Dodgers sign Tony Gwynn Jr. to two-year, $2-million deal
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And it didn’t go down to the absolute wire or anything.
The Dodgers did right Monday, signing outfielder Tony Gwynn Jr. to a two-year, $2-million contract only hours before the deadline to tender him or lose him to free agency.
That’s probably a year more than most might have expected, but General Manager Ned Colletti has been on something of a two-year contract binge this off-season.
Gwynn, 29, will receive $850,000 next season and $1.15 million in 2013. Gwynn told The Times’ Dylan Hernandez that the Dodgers approached him Thursday and the deal was completed over the weekend.
‘The first offer they made me was a two-year deal,’’ Gwynn said. ‘I hadn’t even thought of that. When they came with a two-year deal, my ears immediately perked up.’’
The two-year contract will carry him through his arbitration years. He can become a free agent at the end of this deal.
Gwynn was not tendered a contract by the San Diego Padres after hitting .204 in 2010, enabling him to originally sign with the Dodgers.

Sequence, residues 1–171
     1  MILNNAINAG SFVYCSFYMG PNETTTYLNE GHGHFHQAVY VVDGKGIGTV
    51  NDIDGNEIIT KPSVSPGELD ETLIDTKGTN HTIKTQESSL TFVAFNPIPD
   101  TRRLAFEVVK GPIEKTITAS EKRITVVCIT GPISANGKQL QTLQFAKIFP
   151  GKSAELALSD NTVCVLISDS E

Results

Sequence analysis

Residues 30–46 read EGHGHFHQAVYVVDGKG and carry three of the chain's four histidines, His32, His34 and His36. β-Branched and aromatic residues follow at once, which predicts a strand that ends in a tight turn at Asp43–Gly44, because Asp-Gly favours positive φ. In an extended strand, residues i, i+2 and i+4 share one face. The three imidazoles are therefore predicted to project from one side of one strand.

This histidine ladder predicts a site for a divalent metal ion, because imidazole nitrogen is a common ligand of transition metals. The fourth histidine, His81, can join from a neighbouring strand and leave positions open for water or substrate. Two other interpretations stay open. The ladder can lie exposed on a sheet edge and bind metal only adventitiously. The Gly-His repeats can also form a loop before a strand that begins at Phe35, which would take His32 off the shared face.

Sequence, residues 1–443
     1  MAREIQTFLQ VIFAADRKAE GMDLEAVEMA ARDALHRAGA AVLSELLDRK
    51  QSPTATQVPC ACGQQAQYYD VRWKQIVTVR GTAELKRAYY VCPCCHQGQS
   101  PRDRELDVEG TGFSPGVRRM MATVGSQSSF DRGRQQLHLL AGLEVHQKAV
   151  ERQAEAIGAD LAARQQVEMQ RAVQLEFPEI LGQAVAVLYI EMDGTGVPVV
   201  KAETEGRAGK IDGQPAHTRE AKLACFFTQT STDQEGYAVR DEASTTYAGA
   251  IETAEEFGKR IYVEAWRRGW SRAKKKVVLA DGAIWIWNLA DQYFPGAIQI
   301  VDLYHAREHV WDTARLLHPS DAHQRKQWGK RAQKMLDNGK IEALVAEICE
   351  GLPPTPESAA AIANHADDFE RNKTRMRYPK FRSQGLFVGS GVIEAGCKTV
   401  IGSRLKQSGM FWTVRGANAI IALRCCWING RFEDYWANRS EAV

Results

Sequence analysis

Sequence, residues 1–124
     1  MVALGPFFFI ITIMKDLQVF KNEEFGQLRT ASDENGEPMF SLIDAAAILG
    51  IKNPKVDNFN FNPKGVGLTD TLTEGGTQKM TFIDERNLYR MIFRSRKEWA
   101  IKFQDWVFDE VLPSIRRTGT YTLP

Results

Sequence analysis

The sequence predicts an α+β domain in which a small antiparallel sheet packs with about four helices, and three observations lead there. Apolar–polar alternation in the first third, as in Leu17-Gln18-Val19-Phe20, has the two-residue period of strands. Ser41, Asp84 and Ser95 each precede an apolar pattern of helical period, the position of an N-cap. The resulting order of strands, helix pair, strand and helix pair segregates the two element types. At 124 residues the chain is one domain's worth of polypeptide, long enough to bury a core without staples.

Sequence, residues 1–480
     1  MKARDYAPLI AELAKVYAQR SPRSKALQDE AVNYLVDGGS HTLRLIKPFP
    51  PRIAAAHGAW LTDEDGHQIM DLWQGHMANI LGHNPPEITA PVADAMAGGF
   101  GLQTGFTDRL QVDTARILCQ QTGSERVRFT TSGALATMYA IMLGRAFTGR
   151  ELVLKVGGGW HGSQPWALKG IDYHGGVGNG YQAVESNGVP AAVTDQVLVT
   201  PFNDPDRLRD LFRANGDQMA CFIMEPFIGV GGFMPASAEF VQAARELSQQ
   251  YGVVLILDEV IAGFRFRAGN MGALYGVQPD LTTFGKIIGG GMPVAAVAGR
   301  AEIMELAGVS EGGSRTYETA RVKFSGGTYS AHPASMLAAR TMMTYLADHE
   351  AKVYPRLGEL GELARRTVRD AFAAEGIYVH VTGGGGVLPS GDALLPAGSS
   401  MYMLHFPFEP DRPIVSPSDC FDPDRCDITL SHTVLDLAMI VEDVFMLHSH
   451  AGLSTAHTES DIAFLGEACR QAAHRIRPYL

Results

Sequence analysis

‘I was a lot more calm with the whole process [this year],’’ Gwynn told Hernandez. ‘I was coming off a much better season. I was comfortable going through the whole process. I knew I was going to have a job somewhere. But I wanted to stay here. I really enjoyed the coaching staff. I enjoyed being with the players.’’
Averaging $1 million per year is hardly an unreasonable amount for a reserve outfielder as versatile, and who was used as much last season, as Gwynn.
in his first season with the Dodgers, Gwynn appeared in a career-high 136 games, batting .256 with 37 runs and 22 stolen bases in 312 at-bats.
The Dodgers’ starting outfield is set with Matt Kemp, Andre Ethier and Juan Rivera, though Gwynn could still play a reasonable amount of time in left field for Rivera, who also plays first, and as a late-inning defensive replacement.
Colletti has tried to add strong defensive players this season, and Gwynn continues with that trend.
‘That suits me really well,’’ Gwynn said. ‘That’s not just a Dodger thing. If you’re able to go out and get some of the bigger hitters, that’s nice. But a lot of times, games are won on defense and pitching. I’ve been on teams where the offense wasn’t very good, but the defense was, and when it came down to one run, it gave us an edge.’’
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-- Steve Dilbeck